A List of Happiness

I’ve gotten a lot of positive feedback from my “A Happy Life” post last week (if you missed it, you can read it here).  I love when my blog strikes a chord with people, and I love it even more when they take the time to let me know their thoughts.

One person in particular really touched my heart.  Remember my Auntie Carol?  I’ve written about her before, and about the special role she plays in my life.  Well, she lives on a farm in rural Eastern Alberta, just outside of the teensy town where I was born.  I spent much of my childhood time on her farm, and it’s the setting of some of my fondest memories.

Following my post, she sent me a list of the things that make her happy.  This list was something she’d been working on for a few weeks she said, scribbled on a notepad by the computer.  Just jotting down happiness thoughts, not for a blog or for Facebook, or for an article….. just for herself.  She shared her list with me, and has given me permission to share it with you.  You see, our lives are thousands of miles apart and our day-to-day activities could not be more different, but what struck me about her list was the simplicity of it. b7081851e49a47b24ce844f4ed3cfa84

“Yes,” I thought, as I read it.  I nodded along to every point.  I think it’s the simple things in life that bring joy to all of us.

Here’s her list.  I hope it inspires you to make one of your own:

  • The awesome song of meadowlarks
  • ‘Explores’ in the coulee with the grandchildren
  • The tickle in my finger from a newborn calf’s suckle
  • Eating fresh peas from the vine
  • Tobogganing in the coulee
  • Watching the kids jumping bales with the dog
  • Friends stopping in for coffee
  • The taste of raspberries off the bush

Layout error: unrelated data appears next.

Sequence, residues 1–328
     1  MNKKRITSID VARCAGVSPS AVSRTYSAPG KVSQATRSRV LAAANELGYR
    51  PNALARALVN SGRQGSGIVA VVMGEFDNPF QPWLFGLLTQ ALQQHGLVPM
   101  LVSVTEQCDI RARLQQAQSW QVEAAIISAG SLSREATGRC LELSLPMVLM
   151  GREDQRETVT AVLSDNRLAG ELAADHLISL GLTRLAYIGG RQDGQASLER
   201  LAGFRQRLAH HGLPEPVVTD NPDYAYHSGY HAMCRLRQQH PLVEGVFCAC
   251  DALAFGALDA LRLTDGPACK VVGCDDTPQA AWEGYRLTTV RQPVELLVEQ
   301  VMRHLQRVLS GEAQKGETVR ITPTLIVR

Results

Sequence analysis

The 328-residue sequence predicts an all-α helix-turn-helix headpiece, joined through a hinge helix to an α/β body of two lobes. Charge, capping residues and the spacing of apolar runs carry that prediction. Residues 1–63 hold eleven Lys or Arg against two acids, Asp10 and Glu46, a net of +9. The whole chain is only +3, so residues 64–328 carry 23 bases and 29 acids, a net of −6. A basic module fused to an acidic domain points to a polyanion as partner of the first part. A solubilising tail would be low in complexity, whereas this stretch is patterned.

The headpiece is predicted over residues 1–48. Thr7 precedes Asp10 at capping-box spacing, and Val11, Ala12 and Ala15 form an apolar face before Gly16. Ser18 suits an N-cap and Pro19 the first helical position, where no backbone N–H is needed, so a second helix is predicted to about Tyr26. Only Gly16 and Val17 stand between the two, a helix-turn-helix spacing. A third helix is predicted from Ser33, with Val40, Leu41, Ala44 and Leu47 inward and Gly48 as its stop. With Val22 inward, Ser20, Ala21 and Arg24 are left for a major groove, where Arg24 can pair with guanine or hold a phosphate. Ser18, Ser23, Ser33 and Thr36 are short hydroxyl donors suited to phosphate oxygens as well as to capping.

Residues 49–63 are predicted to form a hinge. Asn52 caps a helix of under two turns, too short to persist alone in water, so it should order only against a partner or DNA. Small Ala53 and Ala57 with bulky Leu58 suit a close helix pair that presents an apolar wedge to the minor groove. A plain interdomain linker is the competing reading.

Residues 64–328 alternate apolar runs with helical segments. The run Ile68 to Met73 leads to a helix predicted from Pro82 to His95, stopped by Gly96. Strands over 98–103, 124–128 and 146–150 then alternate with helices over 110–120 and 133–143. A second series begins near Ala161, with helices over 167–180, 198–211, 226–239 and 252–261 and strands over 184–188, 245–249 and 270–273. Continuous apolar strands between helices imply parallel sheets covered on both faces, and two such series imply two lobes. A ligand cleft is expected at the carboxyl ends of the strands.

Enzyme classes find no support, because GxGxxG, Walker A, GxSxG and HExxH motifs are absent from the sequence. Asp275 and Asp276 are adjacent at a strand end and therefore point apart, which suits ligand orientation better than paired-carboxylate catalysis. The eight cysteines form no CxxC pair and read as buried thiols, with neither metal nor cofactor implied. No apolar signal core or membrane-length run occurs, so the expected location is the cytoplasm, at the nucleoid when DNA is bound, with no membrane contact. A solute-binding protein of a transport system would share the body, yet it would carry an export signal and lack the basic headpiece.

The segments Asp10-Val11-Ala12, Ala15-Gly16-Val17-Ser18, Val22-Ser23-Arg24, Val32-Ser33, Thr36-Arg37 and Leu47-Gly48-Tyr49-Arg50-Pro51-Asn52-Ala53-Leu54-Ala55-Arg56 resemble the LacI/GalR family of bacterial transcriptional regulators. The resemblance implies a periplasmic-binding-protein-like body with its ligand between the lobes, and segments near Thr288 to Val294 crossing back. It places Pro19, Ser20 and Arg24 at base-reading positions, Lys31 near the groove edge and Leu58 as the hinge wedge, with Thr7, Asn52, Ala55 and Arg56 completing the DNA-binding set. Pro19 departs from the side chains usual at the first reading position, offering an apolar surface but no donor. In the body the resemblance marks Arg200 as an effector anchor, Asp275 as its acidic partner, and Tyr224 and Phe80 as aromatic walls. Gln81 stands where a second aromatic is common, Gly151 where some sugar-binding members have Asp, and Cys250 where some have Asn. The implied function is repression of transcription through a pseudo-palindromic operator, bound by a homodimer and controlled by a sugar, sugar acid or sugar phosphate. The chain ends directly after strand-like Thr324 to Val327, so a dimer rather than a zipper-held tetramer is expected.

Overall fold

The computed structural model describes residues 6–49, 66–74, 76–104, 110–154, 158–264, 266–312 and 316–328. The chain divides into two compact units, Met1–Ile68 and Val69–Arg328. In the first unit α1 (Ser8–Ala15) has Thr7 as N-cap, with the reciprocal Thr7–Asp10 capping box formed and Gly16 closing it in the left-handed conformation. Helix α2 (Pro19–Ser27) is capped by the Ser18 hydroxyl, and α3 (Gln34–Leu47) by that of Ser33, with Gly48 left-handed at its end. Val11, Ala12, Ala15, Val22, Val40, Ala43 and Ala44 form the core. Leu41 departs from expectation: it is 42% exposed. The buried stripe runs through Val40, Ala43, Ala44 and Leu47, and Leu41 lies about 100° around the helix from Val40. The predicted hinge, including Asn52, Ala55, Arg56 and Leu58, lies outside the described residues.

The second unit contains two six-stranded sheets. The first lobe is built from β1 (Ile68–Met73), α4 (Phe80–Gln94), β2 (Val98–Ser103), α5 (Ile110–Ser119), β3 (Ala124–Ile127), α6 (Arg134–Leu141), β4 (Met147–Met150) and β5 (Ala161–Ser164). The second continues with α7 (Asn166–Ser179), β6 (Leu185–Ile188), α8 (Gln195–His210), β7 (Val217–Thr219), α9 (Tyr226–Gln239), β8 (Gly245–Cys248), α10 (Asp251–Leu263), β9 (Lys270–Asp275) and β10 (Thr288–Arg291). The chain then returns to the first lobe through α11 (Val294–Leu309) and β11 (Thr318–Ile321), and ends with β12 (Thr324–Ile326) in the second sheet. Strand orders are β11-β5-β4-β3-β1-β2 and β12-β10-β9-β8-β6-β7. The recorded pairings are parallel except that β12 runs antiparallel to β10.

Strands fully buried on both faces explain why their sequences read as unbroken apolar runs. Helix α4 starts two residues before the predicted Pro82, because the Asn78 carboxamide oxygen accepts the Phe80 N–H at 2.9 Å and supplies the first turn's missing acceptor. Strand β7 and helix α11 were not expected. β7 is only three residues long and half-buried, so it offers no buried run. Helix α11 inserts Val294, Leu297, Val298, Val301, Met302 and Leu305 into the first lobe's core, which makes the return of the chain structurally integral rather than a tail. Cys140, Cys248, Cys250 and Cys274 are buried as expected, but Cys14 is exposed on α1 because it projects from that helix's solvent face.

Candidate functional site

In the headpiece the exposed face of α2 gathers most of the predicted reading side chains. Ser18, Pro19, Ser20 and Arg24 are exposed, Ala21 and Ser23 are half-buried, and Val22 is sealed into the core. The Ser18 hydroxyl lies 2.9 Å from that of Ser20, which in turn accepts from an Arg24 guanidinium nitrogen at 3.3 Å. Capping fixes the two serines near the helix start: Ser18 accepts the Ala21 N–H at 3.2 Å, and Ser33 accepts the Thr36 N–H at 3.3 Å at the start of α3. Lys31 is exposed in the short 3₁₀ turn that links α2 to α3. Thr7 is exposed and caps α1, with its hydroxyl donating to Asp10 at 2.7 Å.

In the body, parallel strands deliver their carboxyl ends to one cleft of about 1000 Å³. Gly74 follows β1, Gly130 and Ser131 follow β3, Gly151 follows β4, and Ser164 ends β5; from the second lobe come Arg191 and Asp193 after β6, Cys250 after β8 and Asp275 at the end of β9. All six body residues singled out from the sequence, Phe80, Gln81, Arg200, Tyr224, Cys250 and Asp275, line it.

• Canada Geese flying low over the house
  • Baby calves running around in the corrall in the evenings
  • Watching the kids slipping and sliding down the slope of the lawn
  • Enjoying the spring bouquet of crocuses that my husband picks for me
  • Playing ‘hide and seek’ on 4-wheelers with the grandkids
  • Kids helping me make homemade pizza
  • Fresh corn on the cob
  • Coffee and cold drinks on the deck with my daughter-in-laws
  • Hauling bales on a beautiful October afternoon
  • Decorating cookies in ‘Grandma’s kitchen’
  • The peace and tranquility of my 6am gardening
  • Trips to the pasture at Sounding Lake
  • The wonder of fresh rows popping up in the garden
  • I feel so Lucky and Blessed to be living in my beautiful ‘little corner of the world’!!

Me too, Auntie Carol, me too.


It’s More than a Piano

I am now the proud owner of my late Grandmother’s piano.  It arrived from Alberta last week on a huge moving truck, wrapped and protected in a big blue tarp.  Oh, the stories it could tell…

My maternal Grandma got this piano when she was just a young girl living on the Alberta prairie.  Our best guess is that it was built in the 1920’s/30’s, meaning it’s nearly ninety years old.  The fact that it now belongs to me overwhelms me, and it’s a gift I do not take lightly.  I’ve known I would be the eventual recipient of this piano since my Grandma died in 1998, but to have this cherished piece of my family’s history in my dining room seems surreal.

It’s more than a piano.

It’s the huge sacrifices my Grandma’s immigrant family had to make to purchase it.

It’s the countless hours of practicing and playing she did to become proficient.

It’s the love of piano music that she passed on to her daughters.

It’s my childhood memories of sitting on the piano bench next to her, hearing her play, and eventually joining her in duets.

It’s my Grandpa sitting in the red armchair beside the piano, listening to the music with a peaceful smile on his face.

It’s the smell of lefse cooling and buns baking.

It’s the sound of my cousins laughing and the doorbell ringing.

It’s the ten years of piano lessons I took growing up, and the opportunity to resurrect my ability to play.

It’s the multitude of decisions and choices that were made to lead the path of my life from Alberta to Ontario.

It’s a chance for my children to be able to touch a piece of a woman they never met, but who would’ve been so happy to meet them.

It’s the familiarity of home; a connection to my past and a bridge to my future.

It’s the ability for me to look at that piano every day and feel my Grandma’s love.

The piano in 1960, at a sing-a-long at my Aunt’s 13th birthday.

The piano begins its journey from Sundre, AB…

Leaving the cold dry air of Alberta!

Patiently waiting once we got the call that the piano was in Mississauga, en route…

Here it comes!

BOTH kids are in awe!

Checking out the moving truck.

The 4th generation to play this piano!

And the piano lives on, in its new home!